Electric cars

“Luddite:” the minister did not have the chance to go to Parliament in an electric truck

“Luddite:” the minister did not have the chance to go to Parliament in an electric truck

A great opportunity to show the potential of e-mobility to boost Australia’s energy security was nearly canceled on Friday, when Coalition Deputy Transport Minister Scott Buchholz was barred by the Prime Minister’s Office from attend, said a group that aims to promote electric vehicle manufacturing in Australia. Monday.

The place in the booth alongside Janus chief executive Lex Forsyth will now be taken by independent South Australian senator Rex Patrick, who says Buchholoz’s withdrawal is another example of the Prime Minister’s “absolutely Luddite attitude.” towards electric vehicles.

EMMA, which stands for Electric Mobility Manufacturers Australia, says it secured Buchholz’s involvement in a plan to board an electric Freightliner Coronado converted by Janus Electric on Tuesday morning, but says the deputy minister later backed out, citing restrictions of the budget week.

Senator Rex Patrick driving an electric bus. Provided

EMMA’s visit to Parliament on Tuesday morning aims to highlight the fact that a transition to an electric vehicle can play an important role in many industries. This includes long-haul transport led by Janus Electric – which plans to use battery-swap technology to make long-haul travel by battery-powered prime movers as easy as refueling.

EMMA spokesman Greg McGarvie said the group was “perplexed” by what he sees as a ban by the Prime Minister’s Office.

“Scott Buchholz was excited about the prospect of driving Australia’s first Janus Electric Prime Mover,” said McGarvie. “This heavy electric vehicle is an outstanding example of Australian ingenuity.”

Janus has teamed up with logistics company Qube and mining giant Oz Minerals to test its electric motor with battery swap plans along some of Australia’s toughest roads.

It also plans to install battery swap stations from Sydney to Brisbane and says the the cost of powering long-distance transport using battery electric motors is much lower than that of a diesel truck.

Senator Patrick tells The Driven he is also excited about the prospect of taking a ride in the Janus Engine on Tuesday morning.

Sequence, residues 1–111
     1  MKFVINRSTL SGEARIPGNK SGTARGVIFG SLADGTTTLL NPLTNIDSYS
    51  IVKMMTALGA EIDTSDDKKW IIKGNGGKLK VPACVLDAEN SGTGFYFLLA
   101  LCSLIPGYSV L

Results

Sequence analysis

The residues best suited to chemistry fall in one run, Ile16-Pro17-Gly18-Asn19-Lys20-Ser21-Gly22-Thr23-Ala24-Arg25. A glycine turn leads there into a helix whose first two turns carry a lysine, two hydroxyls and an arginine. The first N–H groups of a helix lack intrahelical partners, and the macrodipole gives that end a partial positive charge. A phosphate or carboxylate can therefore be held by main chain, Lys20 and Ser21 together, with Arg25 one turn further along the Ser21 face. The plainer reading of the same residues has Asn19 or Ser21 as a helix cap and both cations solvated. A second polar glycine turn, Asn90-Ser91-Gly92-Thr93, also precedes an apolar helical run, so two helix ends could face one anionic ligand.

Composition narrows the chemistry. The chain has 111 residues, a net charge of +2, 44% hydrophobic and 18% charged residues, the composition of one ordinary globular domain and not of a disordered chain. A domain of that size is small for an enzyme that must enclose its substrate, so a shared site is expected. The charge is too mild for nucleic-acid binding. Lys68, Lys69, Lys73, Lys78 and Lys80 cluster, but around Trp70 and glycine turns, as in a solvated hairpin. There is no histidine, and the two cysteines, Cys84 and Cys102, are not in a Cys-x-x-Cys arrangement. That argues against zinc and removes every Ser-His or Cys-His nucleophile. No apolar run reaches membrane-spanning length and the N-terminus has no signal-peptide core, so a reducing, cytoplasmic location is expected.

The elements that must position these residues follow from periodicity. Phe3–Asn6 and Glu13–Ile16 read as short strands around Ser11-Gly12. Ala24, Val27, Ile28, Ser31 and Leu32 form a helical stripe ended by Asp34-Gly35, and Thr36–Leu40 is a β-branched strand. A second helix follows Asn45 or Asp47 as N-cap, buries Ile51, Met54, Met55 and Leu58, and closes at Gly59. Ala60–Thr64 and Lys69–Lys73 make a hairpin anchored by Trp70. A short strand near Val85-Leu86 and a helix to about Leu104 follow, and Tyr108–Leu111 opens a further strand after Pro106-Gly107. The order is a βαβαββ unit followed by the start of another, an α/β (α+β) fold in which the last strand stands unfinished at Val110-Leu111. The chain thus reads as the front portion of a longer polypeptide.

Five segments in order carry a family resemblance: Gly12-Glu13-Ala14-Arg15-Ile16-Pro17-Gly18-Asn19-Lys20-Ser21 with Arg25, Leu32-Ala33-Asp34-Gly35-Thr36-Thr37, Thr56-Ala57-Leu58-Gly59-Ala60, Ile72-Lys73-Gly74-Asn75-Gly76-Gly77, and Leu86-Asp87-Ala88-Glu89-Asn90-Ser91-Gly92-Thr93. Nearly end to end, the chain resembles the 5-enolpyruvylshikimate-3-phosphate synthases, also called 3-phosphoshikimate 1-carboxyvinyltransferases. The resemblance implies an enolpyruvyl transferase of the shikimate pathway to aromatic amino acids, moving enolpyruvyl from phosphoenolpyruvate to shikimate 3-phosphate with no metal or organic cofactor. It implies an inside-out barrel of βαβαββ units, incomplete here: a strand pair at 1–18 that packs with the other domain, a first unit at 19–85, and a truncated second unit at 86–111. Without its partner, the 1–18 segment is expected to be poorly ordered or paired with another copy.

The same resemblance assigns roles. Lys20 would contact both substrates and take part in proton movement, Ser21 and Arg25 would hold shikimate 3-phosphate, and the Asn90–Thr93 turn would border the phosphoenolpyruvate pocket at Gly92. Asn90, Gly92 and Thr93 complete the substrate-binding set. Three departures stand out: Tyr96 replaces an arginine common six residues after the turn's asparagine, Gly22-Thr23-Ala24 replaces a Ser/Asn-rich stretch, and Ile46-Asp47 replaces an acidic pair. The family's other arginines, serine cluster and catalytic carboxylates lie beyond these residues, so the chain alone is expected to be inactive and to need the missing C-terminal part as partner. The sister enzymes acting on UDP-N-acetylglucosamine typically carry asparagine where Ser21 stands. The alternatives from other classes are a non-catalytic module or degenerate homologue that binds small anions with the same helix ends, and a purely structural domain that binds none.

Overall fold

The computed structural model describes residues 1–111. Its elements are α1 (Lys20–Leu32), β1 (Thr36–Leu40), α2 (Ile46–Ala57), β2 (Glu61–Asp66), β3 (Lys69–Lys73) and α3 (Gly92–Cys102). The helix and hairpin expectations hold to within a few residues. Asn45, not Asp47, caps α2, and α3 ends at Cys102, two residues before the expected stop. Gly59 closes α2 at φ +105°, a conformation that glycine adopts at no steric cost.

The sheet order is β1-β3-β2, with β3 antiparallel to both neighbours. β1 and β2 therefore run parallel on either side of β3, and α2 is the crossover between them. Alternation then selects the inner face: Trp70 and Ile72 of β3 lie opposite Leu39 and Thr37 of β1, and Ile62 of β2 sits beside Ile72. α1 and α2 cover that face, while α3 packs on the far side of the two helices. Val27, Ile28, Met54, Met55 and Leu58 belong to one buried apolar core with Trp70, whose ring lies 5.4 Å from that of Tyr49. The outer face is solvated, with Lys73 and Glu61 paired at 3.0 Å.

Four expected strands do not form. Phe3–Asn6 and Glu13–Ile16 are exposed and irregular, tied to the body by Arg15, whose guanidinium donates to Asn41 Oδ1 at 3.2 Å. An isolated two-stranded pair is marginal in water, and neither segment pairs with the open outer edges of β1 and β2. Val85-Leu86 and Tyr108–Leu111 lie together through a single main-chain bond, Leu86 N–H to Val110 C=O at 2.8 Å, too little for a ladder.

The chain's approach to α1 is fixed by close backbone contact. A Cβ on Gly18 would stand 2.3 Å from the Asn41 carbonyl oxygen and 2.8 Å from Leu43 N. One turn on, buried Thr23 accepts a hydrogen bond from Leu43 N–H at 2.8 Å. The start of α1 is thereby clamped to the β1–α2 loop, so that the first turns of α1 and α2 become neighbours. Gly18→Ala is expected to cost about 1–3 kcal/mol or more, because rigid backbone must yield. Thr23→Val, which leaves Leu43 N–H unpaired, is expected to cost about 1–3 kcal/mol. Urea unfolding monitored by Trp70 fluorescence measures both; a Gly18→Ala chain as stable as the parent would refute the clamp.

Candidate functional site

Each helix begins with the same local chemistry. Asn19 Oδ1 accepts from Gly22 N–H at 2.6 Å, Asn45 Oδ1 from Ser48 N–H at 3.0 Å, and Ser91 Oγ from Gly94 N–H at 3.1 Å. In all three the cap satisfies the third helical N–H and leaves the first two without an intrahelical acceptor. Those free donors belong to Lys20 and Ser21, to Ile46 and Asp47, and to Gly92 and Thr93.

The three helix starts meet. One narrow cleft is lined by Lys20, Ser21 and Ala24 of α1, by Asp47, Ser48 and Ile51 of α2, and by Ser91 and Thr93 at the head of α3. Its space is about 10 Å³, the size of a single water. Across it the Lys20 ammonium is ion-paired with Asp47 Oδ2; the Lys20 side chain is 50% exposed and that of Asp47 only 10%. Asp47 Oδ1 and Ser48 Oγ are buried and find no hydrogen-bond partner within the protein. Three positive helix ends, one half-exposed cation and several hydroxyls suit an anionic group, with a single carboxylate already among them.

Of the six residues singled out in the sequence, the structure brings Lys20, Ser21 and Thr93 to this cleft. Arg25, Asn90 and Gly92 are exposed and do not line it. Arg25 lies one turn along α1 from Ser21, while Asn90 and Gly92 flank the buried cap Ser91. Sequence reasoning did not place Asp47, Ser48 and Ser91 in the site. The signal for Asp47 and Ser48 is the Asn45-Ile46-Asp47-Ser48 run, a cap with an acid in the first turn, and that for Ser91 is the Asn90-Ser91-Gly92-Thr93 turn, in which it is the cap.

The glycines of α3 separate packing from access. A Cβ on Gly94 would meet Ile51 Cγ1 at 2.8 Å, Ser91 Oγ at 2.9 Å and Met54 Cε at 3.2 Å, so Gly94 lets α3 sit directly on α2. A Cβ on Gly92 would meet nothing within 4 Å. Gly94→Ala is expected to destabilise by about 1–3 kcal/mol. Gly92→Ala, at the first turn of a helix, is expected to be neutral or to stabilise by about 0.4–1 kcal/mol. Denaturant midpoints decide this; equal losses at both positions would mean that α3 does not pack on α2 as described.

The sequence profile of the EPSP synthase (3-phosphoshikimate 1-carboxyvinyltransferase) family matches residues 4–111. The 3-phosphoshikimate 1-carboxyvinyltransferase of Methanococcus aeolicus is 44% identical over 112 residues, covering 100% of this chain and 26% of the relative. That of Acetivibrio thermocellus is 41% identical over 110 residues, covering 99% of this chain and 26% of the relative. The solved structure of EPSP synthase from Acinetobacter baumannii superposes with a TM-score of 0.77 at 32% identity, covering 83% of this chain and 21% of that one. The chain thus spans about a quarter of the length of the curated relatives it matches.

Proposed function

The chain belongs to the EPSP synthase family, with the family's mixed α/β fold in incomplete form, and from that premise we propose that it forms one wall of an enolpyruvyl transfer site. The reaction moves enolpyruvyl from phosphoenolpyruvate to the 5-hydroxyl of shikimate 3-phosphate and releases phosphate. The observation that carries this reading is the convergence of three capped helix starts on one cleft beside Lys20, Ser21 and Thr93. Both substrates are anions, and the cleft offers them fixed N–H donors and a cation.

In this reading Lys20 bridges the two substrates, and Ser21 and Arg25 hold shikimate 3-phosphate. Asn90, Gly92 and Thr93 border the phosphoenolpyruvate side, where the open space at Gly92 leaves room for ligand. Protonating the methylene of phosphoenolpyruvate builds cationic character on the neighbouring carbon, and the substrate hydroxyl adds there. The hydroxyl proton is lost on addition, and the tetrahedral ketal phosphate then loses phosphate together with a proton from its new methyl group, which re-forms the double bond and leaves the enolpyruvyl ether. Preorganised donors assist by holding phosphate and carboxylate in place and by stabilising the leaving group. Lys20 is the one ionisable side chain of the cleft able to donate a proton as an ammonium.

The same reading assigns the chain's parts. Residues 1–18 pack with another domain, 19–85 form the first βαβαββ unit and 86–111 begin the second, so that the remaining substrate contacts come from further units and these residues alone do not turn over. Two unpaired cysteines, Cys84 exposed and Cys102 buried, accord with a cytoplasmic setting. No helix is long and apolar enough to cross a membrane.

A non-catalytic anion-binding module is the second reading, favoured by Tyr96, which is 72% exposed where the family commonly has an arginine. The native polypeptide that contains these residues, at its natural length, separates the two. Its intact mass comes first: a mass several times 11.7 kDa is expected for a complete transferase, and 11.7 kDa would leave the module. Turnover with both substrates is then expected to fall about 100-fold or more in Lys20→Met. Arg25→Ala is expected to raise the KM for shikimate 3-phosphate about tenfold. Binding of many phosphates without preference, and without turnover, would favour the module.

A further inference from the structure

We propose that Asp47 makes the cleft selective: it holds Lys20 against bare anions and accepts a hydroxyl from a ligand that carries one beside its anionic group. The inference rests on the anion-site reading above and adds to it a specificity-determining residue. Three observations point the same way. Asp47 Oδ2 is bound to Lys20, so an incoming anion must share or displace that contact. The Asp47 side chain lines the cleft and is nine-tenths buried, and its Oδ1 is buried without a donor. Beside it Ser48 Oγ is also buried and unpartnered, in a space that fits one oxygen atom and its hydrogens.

“I’m particularly interested in the concept of a prime mover,” says Patrick, “particularly noting that the Prime Minister told me that EVs wouldn’t tow a caravan.”

“But it’s really the future and it’s private industry showing how far ahead they are of government – that’s a credit and also a shame.”

With fuel prices skyrocketing, Patrick has campaigned for a temporary reduction in fuel excise duties to ease fiscal pressures on families as the Ukraine crisis pushes the price of oil up and over. above $100 a barrel.

Although this plan has drawn some criticism – experts say that cutting excise duties on fuel could actually undermine a long-term plan to decarbonise Australia’s transport sector – Patrick says he also supports the role that electric mobility must play and that the Coalition should do more.

“One of the difficulties with the government’s lack of commitment to electric vehicles is that if it were to make a decision not to sell ICE vehicles after 2030, we would find that building codes would change,” he says.

McGarvie, whose company ACE-EV has long-standing plans to build electric cars, utility vehicles and vans in Australia, says ‘electric vehicle operating costs, on the other hand, are up to 80 per cent lower expensive $10 a fortnight compared to $90 with fuel for a car. In trucking, it’s about $180 for a 600 km trip.

A national federal electric vehicle strategy was promised for mid-2020 and has yet to materialize. Instead, a “future fuels strategy” in which electric vehicles were not mentioned was published by the office of Minister for Energy and Emissions Reduction Angus Taylor in 2021.

With a federal budget set to be released this week and a national election looming in May, Patrick doubts there will be any new announcements to support a transition to electric vehicles. “If we see anything in the budget, it will be ad hoc,” he says.

The Janus initiator is due to go to parliament on Tuesday morning.